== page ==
Jim S   [01.02.08 10:20 AM]

I've been wondering for a while ( if it would be possible to use the search term / expression of interest event stream as a leading indicator for security pricing. Maybe the best place to start a hedge fund right now would be inside Google.

Alex Tolley   [01.02.08 12:56 PM]

I doubt that the Altos info offers anything that hasn't already been arbitraged away in the futures and options markets, otherwise we are really talking about $20 bills in sidewalk gutters.

This does not detract from your larger point that information is becoming more democratized and having an impact on firms.

My favorite story in this regard is when I worked for Dow Jones Markets, in the late 1990's. They had a proprietary data feed to distribute price and page data across the US and indeed, even globally to some extent. At the time, we were just seeing the early, 20 minute delayed pricing via Yahoo. The senior execs did not believe that the internet could ever compete with their expensive, proprietary communications system and pooh-poohed any thoughts about harnessing the web. Within a few years, Dow Jones divested itself of the division, partly in the face of burgeoning low price competition from players using the internet to distribute prices.

However, the real problem for firms is being able to charge for research in the face of low cost alternatives. Whilst you are correct that independent analysis services do exist, there is a plethora of also-rans that barely survive. The reason is quite simple. The reasrch that is done in the brokerage houses, bad as it is, is effectively gratis to the fund management firms. They drown in "free" information, mostly useless. The research is maintained, not because it is good, but because it generates "stories" for the brokers to call customers. Even if the the trades are break even in value, the trade volumes drive price changes that proprietary trading can capitalize on. Note that Goldman Sachs just reported outstanding profits despite their huge sub-prime business. Were they trading against their buyers?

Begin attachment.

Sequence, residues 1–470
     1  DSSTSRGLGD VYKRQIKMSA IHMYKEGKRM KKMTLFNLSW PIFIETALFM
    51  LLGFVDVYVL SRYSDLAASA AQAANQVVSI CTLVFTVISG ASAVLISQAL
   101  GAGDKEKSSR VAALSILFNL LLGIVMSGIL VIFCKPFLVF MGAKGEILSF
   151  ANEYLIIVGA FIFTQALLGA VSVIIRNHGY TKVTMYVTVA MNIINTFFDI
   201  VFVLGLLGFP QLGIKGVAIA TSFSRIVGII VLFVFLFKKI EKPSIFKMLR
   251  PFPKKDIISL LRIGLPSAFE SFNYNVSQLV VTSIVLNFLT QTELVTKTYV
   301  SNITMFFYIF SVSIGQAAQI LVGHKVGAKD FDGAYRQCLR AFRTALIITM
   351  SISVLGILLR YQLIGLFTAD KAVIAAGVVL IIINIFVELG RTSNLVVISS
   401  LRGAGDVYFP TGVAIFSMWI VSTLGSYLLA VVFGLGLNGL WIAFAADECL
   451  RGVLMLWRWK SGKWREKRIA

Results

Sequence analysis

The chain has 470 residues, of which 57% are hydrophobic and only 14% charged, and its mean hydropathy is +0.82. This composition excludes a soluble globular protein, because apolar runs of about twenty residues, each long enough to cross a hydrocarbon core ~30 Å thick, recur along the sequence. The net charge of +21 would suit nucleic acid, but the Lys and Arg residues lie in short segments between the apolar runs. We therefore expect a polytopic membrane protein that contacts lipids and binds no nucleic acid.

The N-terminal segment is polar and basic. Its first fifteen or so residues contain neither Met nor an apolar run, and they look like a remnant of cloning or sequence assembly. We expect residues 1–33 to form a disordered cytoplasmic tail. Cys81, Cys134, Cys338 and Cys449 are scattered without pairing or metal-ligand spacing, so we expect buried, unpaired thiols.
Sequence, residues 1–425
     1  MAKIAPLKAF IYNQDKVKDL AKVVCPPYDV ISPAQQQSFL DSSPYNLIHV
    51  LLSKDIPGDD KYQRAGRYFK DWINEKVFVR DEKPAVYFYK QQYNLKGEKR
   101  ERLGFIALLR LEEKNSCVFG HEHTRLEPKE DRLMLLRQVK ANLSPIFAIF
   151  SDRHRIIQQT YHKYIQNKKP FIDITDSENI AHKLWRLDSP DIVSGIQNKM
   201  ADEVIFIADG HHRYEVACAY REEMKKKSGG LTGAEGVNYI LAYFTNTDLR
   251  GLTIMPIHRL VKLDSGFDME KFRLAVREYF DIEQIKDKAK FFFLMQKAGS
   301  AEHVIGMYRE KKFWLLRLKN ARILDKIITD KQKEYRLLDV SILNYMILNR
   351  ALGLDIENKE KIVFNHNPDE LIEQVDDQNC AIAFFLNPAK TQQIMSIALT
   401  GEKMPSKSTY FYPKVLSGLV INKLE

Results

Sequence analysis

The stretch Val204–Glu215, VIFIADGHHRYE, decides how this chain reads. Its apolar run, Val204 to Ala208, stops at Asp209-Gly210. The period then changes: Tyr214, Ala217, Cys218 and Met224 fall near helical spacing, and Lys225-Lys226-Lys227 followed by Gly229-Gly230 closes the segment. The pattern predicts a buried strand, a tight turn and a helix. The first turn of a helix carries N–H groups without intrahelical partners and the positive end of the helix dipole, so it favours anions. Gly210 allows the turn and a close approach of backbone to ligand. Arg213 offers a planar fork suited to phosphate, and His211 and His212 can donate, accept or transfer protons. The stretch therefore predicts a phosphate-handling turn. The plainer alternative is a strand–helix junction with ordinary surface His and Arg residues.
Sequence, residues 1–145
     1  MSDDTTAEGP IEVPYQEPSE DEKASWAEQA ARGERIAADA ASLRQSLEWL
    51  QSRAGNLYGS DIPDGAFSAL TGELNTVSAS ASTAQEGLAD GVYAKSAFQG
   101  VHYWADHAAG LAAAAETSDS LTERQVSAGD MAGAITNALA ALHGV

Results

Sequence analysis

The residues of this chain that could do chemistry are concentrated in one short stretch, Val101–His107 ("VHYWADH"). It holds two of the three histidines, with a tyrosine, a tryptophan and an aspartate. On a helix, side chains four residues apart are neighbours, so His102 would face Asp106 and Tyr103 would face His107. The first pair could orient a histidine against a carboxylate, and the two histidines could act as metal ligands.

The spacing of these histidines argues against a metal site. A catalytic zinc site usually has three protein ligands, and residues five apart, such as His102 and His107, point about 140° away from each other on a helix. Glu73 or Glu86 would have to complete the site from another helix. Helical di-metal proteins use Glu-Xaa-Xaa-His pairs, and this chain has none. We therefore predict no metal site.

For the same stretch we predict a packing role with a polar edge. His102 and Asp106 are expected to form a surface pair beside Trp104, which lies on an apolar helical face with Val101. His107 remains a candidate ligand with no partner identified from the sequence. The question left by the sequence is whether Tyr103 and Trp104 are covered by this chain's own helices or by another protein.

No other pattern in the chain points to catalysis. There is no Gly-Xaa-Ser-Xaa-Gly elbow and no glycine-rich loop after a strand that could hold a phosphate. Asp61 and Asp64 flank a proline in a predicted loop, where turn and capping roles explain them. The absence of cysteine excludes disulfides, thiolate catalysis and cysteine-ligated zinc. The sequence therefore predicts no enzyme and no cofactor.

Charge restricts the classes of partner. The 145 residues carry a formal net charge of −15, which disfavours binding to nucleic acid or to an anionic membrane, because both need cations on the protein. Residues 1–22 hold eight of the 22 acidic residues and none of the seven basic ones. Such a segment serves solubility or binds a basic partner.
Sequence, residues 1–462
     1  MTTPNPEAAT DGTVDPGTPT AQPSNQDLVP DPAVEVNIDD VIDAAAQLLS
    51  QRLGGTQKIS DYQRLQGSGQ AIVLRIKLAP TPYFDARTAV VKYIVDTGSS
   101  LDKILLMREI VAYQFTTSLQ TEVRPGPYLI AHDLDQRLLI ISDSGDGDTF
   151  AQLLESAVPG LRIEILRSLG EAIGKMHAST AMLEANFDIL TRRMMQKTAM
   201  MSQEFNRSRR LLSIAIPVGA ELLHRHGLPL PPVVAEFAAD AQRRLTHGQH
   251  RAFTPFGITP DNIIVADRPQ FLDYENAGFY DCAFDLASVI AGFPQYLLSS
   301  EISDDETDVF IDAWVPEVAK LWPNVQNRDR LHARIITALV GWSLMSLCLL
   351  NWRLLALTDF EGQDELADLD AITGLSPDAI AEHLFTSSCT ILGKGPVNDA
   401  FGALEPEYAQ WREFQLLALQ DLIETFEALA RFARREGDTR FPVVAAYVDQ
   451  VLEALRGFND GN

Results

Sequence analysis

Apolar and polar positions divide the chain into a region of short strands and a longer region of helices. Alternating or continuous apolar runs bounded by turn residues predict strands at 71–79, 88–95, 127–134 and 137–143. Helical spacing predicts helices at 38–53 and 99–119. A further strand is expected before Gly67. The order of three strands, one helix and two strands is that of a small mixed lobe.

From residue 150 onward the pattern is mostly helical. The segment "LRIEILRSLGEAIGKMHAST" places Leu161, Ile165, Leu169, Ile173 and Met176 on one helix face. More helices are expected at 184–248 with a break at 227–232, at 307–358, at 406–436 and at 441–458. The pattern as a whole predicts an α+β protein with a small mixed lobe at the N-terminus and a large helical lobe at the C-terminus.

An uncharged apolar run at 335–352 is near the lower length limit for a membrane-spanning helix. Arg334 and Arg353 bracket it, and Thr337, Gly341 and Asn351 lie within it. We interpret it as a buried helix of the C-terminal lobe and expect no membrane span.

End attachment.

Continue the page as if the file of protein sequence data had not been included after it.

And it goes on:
So while there will be opportunities to make money on information asymmetries, I think these periods will become ever shorter for any given "product" and that the logic of costless information replication will drive down the value to zero.

The value will accrue not to the information, but to the temporary attention of the viewer. Thus the logic of using advertising to create value, rather than the information content itself.

The parallels to brokerage research driving sales stories is fairly self evident.

bex   [01.02.08 04:18 PM]

I sense danger...

There's a HUGE advantage in having these statistics delayed by months or more... it has a stabilizing effect on the economy. By the time you get the info, insiders have had it for a while now, and your enthusiasm will be tempered.

If I get this info immediately, it helps me... but what happens if EVERYONE gets it?

You think the stock market is chaotic now, just wait until 10,000 simultaneous SELL orders get executed in the same nanosecond. A casual diversification would lead to instant market panic.

Unless we also get instant feedback on WHY people made a specific sale

Alex Tolley   [01.02.08 07:10 PM]

bex - I disagree with you. The danger is when there are a few players all making the same decision. In reality, players mostly make different decisions based on data. Occasionally this fails when they all use the same decision making model - a good example being portfolio insurance in teh 1987 stiockmarket crash.

P-Air   [01.02.08 11:59 PM]

Two other companies I'd include on this list of innovative uses of real-time Web/Internet data would be Majestic Research and Skygrid, the latter of which I believe is presenting at the Money:Tech conference.

bex   [01.04.08 07:59 AM]

Alex - every benefit in a dynamic system has unintended negative consequences.

I predict that as real-time data becomes more available, stock markets will fluctuate much more wildly...

There are alternatives... wise investors might watch the real-time data, anticipate an irrational swing, and bet *against* it. Even wiser investors may time their trades to bet *against the wise*

Of course, I have zero data to back this up... but I'd be willing to bet that the more real-time data we get, the more wildly the market will fluctuate.

Cody   [01.09.08 11:41 AM]

I believe that more traders and more information will REDUCE fluctuations. In a perfectly efficient market, there would be equal pressure on both buy side and sell side causing the price to stabilize at a security's "true value". The primary reason we do not have a perfectly efficient market today is information asymmetry. As more data points from more sources become available, information asymmetry will be reduced and markets will continue to stabilize.